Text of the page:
Settlements bill to be pushed off until Trump inauguration

By
December 9, 2016 03:41

Sources close to Netanyahu say that PM ‘won’t let the bill become law.’

4 minute read.



Amona outpost

The Amona outpost in the West Bank. (photo credit:TOVAH LAZAROFF)

The controversial legislation meant to retroactively legalize close to 4,000 settlement homes will not be passed into law in its final readings until after US President Barack Obama leaves office next month, sources close to Prime Minister Benjamin Netanyahu and Bayit Yehudi leader Naftali Bennett said on Thursday.

Netanyahu and Bennett agreed to a request by Defense Minister Avigdor Liberman to wait with the settlements regulation bill until US President- elect Donald Trump takes over on January 20.

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Attorney-General Avichai Mandelblit has ruled that the bill is unconstitutional, running counter to both Israeli and international law.

It is presumed, therefore, that the bill won’t withstand legal challenges before the High Court of Justice.

Both Netanyahu and Bennett have been pressured by their parties to move forward with the settlements bill, even though they would prefer a non-legislative option.

The issue has been fast-tracked in hopes of preventing a violent evacuation of the Amona outpost, which the High Court of Justice has insisted must be razed by December 25 because it was built without permits on private Palestinian property.

At the request of Kulanu, Amona has been removed from the bill. Due to the court ruling, its homes cannot be retroactively legalized. Legislators are hoping, however, that passage of the bill would sway the Amona families to leave voluntarily.

“The prime minister does not want the bill and he will not let it become a law,” a source close to Netanyahu said. “He has reached private understandings with Bennett.”

Netanyahu is particularly concerned that if the bill is passed into law in December, it would sway Obama to support a resolution against Israel at the United Nations Security Council before he leaves office on January 20.

The prime minister also fears the legislation could be used against Israel at the International Criminal Court.

But it’s believed that Trump would not perpetuate the Obama administration’s no-tolerance policy for settlement activity. Passage of the bill after Trump enters office is expected therefore to have less impact internationally.

A source close to Bennett confirmed the proposal to delay the bill’s passage, but stressed that he insisted that it would indeed become law. Bennett said he was looking for other solutions to have ready in case the bill would be disqualified in court.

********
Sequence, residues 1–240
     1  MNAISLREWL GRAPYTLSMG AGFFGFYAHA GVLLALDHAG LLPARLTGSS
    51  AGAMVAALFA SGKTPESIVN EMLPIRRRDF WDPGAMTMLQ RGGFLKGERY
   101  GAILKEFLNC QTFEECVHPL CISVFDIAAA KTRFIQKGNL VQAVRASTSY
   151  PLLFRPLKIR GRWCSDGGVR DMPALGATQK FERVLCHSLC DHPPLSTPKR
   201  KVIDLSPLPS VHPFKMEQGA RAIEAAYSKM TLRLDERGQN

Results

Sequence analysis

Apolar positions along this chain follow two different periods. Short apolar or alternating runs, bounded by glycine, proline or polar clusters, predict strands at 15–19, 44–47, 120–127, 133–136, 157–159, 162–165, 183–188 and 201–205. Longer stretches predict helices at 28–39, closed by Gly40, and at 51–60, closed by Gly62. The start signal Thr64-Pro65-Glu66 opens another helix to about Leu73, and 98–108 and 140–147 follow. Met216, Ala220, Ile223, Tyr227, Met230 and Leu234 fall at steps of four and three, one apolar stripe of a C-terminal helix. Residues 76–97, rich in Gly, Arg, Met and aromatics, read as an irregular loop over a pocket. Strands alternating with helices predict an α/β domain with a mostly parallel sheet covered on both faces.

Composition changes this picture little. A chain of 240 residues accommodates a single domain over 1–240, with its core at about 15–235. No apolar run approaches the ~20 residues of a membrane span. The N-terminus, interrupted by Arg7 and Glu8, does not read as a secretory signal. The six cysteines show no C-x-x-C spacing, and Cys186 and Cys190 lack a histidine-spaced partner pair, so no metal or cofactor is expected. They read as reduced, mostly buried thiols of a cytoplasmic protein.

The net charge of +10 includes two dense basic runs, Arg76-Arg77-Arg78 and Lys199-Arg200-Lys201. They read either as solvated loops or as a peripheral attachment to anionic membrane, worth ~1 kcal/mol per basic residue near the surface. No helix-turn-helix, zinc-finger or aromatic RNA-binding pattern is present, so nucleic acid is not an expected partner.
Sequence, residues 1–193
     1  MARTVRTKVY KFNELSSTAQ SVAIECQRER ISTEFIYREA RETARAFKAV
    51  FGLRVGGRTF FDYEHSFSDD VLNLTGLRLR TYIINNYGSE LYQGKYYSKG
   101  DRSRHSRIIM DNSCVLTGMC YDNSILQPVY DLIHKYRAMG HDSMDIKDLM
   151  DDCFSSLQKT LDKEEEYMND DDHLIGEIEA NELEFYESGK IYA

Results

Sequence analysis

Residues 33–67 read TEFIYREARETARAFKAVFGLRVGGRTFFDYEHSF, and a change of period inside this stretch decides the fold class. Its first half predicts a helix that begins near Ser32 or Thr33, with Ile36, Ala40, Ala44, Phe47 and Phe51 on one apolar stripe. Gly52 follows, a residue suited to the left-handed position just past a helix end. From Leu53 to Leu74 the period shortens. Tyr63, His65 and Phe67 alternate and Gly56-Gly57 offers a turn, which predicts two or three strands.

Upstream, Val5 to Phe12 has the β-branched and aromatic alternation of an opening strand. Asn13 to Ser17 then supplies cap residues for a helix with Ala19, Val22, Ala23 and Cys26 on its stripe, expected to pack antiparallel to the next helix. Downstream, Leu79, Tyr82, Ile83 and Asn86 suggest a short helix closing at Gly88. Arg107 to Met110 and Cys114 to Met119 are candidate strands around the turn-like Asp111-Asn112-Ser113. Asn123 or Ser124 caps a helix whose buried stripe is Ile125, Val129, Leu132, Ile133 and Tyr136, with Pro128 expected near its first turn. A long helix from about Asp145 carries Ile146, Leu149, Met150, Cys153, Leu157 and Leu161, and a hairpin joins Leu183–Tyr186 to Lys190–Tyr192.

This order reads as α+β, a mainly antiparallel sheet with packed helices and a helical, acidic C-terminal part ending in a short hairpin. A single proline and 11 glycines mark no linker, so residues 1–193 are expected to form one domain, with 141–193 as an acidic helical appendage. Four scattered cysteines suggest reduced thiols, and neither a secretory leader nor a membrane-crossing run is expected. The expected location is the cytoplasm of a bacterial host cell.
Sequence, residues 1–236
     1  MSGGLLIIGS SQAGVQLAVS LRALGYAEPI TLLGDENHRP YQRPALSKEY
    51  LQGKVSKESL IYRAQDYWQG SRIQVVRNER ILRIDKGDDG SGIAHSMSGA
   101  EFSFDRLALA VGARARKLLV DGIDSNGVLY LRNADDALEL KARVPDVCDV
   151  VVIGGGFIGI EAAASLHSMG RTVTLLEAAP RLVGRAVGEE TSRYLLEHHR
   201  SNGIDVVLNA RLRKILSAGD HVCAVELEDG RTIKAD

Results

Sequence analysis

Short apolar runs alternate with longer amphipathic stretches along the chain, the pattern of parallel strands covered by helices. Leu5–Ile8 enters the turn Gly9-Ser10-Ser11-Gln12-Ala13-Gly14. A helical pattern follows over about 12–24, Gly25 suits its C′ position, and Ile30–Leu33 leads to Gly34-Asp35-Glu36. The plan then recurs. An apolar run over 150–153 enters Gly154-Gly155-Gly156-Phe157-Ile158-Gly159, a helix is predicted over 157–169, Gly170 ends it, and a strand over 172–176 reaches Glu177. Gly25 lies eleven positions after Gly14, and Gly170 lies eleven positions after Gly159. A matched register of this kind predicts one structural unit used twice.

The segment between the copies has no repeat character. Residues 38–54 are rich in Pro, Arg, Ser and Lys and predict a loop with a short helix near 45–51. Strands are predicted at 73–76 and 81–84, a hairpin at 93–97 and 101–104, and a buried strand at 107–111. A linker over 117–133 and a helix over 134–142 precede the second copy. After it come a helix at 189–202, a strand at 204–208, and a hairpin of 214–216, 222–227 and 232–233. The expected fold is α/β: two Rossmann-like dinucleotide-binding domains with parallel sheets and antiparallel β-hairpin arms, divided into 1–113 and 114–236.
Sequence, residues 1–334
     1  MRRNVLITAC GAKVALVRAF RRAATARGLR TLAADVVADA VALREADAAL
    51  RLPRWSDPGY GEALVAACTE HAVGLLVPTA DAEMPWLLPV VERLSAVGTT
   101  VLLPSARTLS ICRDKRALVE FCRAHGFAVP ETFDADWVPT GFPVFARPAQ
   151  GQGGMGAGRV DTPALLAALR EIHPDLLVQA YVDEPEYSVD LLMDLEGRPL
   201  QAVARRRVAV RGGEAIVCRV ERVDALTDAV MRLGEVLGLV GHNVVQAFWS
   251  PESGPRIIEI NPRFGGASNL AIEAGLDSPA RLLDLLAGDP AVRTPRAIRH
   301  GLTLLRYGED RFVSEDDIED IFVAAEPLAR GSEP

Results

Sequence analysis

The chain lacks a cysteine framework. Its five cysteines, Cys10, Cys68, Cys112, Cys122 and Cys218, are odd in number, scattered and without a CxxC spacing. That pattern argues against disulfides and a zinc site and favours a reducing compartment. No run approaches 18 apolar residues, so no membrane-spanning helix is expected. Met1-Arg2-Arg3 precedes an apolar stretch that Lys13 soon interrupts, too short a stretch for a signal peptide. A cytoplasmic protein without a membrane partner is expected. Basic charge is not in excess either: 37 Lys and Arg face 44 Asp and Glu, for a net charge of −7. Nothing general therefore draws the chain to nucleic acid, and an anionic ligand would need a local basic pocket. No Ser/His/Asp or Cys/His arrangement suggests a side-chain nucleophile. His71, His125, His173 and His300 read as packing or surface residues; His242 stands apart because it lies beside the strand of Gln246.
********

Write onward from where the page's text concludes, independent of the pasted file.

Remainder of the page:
Bennett’s office confirmed reports that if the bill did get disqualified, the state would hire a private attorney to represent it in court in place of Attorney-General Avichai Mandelblit, who has stated that the bill is unconstitutional. The decision was reportedly made in conjunction with Mandelblit.

The bill, which passed in its first reading in the Knesset plenum 58-51 Wednesday night, will face deliberations in a special Knesset committee on Monday. The head of the committee, Bayit Yehudi MK Nisan Slomiansky, said the bill could be ready for a vote in the plenum in its final readings Wednesday if Netanyahu and Bennett desire.

Coalition chairman David Bitan said other controversial legislation will not be advanced next week, citing a bill that would limit the volume of Muslim calls to prayer and legislation that would end the practice of automatically giving custody for all children to the mother in divorce cases in which one of the children is under six.

On Thursday, the European Union followed Germany, the United States and the United Nations in condemning the settlements bill.

“This would be the first law adopted by the Knesset on the status of land in the West Bank, an occupied territory not under its jurisdiction. Senior members of the Israeli government have called this a step towards annexation of the West Bank,” an EU representative said.

“Recalling that settlements are illegal under international law, constitute an obstacle to peace and threaten to make the two-state solution impossible, the European Union reiterates its strong opposition, in line with the position of the Middle East Quartet, to Israel’s settlement policy and all actions taken in this context,” the representative said.

Meanwhile, the police are actively preparing for the evacuation of Amona, which will be called Operation Locked Garden. A Channel 10 report showed officers at an IDF base with structures bearing the names of each of Amona’s 40 families.

The moment that Amona was removed from the bill, its residents believed that it was possible that security forces could move against the outpost at any moment.

On Thursday night, a message posted on the site with the web address SOS.Amona.me called on activists to come immediately to the outpost.

“By all estimates, the evacuation of Amona will happen after this Shabbat,” the message said. It suggested that people bring warm clothing, a sleeping bag, lots of food, toilet paper and a camera.

Amona families, however, have continued to lobby for their outpost to be included in the bill before it comes back to the Knesset for a second and third reading.

A rally on their behalf is scheduled to be held in Jerusalem on Tuesday.

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